from the excellent Farm Power News: The DAILY BRIEF, Early Morning Edition, Thursday 21 December 2000
ALTERED CROPS SET OFF LEGAL FRENZY
Biotech crops may not have done much so far to help consumers, farmers or even investors. But they're causing quite a bit of excitement for lawyers. Here's a quick survey of some of the most significant legal actions to date. Thanks to Joe Mendelson of the Center for Food Safety for compiling much of this information.
a. The discovery that millions of bushels of corn have been tainted by StarLink, a variety unapproved for human consumption, is now reverberating in the legal arena. On Dec. 1, a lawsuit was filed by Cohen, Milstein, Hausfeld & Toll, a formidable class action law firm, on behalf of farmers who grew non-Starlink corn. The farmers say that they are having trouble selling their crop due to fears that it may be contaminated. They are seeking damages from Aventis, the French company that developed StarLink. And they're demanding that Aventis decontaminate their soil, farming equipment, storage equipment, harvest equipment, transportation facilities, grain elevators and non-Starlink seed supplies (http://www.cmht.com).
b. A coalition of sixteen attorneys general from farm states have teamed up to pressure Aventis to fully reimburse farmers and grain elevators for StarLink-related losses. Aventis so far has taken limited steps, such as offering to buy back the tainted crop at a twenty-five cent per bushel premium. The attorneys general are led by Tom Miller of Iowa, where half the corn crop may be contaminated. They are demanding that Aventis quickly assume full responsibility for the StarLink nightmare http://www.state.ia.us/government/ag/news.html
c. A group of farmers represented by Cohen, Milstein, Hausfeld & Toll sued Monsanto and several other biotech companies in December 1999. The suit accuses the companies of forming an international cartel that fixed prices on biotech seeds. The farmers also claim that Monsanto didn't adequately test its genetically engineered crops before bringing them to market and lied about the results of the testing which it did perform. When international consumers rejected the crops, the farmers are suffered losses. During the pre-trial phase, Monsanto must document all aspects of its biotech agriculture business. The trial is set to start in July, 2001 http://www.cmht.com .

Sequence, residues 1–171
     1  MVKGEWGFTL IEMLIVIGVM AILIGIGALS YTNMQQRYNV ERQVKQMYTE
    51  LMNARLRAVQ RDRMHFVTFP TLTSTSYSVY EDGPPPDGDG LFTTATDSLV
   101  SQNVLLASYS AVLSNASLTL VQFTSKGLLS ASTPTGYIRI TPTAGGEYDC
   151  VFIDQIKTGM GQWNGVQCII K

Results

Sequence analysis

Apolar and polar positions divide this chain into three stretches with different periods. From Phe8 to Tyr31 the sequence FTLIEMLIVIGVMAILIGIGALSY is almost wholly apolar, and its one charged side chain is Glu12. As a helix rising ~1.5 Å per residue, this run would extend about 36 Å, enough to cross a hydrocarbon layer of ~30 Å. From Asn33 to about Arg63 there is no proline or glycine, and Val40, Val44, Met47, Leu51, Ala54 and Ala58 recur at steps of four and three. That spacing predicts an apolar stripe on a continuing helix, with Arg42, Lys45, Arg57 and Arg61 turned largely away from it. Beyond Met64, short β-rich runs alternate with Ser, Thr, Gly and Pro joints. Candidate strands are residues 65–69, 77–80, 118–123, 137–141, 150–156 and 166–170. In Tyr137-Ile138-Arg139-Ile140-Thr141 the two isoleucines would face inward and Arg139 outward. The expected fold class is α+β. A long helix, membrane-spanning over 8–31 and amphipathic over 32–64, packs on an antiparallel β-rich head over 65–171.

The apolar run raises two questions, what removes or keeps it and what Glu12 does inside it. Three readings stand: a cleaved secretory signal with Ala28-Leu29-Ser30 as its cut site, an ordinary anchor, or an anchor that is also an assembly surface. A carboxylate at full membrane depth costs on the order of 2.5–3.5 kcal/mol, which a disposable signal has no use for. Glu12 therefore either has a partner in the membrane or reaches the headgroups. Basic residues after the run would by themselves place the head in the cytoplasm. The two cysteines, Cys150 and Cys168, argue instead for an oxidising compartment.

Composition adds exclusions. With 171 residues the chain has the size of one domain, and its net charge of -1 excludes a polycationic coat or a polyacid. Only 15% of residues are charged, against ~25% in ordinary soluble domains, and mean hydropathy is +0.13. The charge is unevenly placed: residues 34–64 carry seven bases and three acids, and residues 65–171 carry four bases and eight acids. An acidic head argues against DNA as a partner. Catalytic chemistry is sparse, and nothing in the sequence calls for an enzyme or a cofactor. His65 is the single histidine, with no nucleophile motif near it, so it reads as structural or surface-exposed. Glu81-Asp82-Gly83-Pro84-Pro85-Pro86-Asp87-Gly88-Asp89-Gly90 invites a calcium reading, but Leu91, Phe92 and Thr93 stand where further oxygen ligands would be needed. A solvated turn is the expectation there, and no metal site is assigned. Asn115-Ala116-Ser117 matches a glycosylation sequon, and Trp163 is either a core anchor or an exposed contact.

d. In 1998, the Monsanto Company sued Canadian farmer Percy Schmeiser. The company claimed that Schmeiser had violated its patents by planting its Roundup Ready canola seeds, altered with a gene for herbicide resistance gene, without paying the company a technology fee. (Ever wonder what canola is? It's a cabbage-like plant, also known as rape, whose seeds are pressed into edible oil.) The company had sent private investigators to gather samples of Schmeiser's crop as evidence. Schmeiser denies any intent to grow Monsanto's transgenic canola. On the contrary, he blames Monsanto for contaminating the canola variety he has been developing for many years. According to Schmeiser, either seeds or pollen from Roundup Ready canola must have drifted on to his land.